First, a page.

Need New Gutters for Old Victorian

sarahandbraySeptember 28, 2012

We are in the process of having our house painted! And it's getting new storm windows/doors...keeping original windows. And our front porch is being redone in a month!

So now we're on to needing gutters in the very near future.

I would like historically appropriate looking gutters, but don't necessarily need copper, since I actually (gasp!) don't like the look of copper for some odd reason.

The small, old section of original gutter that was left was painted dark green half-round. Not sure of size, but can measure.

What should I be looking for in product and installation? Can gutters be painted? I think they will be up against much of the thick trim which will be painted a very dark green. The green swatches on many websites look too bright green for our application.

Or maybe plain white?

I know I don't want the 80's looking gutters that are on it now nor the new recatangular "seamless" gutter look.

Please school me on all there is to know about historic gutters! Thanks! :)

Thanks!

Sarah Engel

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schoolhouse_gw

Not sure I can help, but this has always been my issue as well for my old schoolhouse which was "housified" by my Uncle in the 1930's. Originally the building, built in the 1870's-80's, had no gutters. Not necessary because it was built on a rise and proper drainage away from the foundation was accounted for. Plus there was no cellar. When I moved in, it had the half round style of old gutter you speak of with twisted wire hangers. They were failing so my father insisted I put up modern. That was in 1978, and I have put a different set on since. Because the house settles so much off and on, there is never consistently the proper grade for water to run the length of the gutter to the down spouts.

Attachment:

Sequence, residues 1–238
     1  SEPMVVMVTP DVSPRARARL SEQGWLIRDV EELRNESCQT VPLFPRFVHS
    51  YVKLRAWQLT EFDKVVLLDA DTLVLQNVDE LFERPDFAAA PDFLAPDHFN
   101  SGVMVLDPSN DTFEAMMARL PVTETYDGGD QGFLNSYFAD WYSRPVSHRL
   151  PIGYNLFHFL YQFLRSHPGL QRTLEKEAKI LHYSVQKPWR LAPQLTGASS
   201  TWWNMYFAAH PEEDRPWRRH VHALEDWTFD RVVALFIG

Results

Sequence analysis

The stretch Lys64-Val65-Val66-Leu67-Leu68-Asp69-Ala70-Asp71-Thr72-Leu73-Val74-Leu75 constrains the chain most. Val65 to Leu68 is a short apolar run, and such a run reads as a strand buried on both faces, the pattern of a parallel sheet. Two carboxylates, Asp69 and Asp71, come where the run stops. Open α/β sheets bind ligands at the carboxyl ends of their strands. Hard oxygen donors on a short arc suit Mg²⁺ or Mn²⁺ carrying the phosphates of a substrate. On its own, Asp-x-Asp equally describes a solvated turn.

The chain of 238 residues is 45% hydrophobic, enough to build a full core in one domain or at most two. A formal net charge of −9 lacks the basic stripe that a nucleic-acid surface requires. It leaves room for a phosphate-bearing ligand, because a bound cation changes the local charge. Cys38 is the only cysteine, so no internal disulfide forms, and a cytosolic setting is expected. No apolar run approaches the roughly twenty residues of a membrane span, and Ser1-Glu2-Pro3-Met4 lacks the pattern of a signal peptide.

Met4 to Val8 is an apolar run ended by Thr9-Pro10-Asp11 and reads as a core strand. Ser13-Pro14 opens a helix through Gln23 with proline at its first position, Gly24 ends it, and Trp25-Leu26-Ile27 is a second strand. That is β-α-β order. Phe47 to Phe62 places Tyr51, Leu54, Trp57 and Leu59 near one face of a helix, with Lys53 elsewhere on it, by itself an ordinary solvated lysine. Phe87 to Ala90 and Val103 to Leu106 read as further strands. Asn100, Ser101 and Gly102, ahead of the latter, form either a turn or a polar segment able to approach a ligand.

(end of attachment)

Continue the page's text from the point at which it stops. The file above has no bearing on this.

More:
I too wanted a more historic look but gutter salesman just looked at me like I was from outer space. They had what they had. There is still some of the old half round with wire hangers on the small barn- getting badly rusted by now - but I like the style.

    Bookmark   September 28, 2012 at 2:56PM
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columbusguy1

Sarah, my metal gutter on my pantry and front porch are painted to match the trim...holds up very well.

With the storm last June which took out my tree, I now ought to replace my porch gutter--and am seriously leaning toward the half-round, but I too dislike (and can't afford) copper. I ran across this link, and am probably going to use this.

You might be able to find this in a local builder's supply (not a big box store I think)--the guy who took down my garage said it was available, but then, he ran off with my money to build a replacement shed in place of my garage...so who knows?

Here is a link that might be useful: Half-Round Gutter system

    Bookmark   September 28, 2012 at 8:15PM
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liriodendron

Sarah,

You can still buy half-round galvanized in the Albany area. It can be painted (after careful cleaning, or a season or two of oxidizing in place).

When you have it installed (or do it yourself) try to avoid the modern (time-saving for installers) technique that leaves the gutter bent out awkwardly rather than smoothly inwards as it crosses the eave/frieze trim. They can be tucked in nicely -the 19th c way- but you have to insist. Strenuously!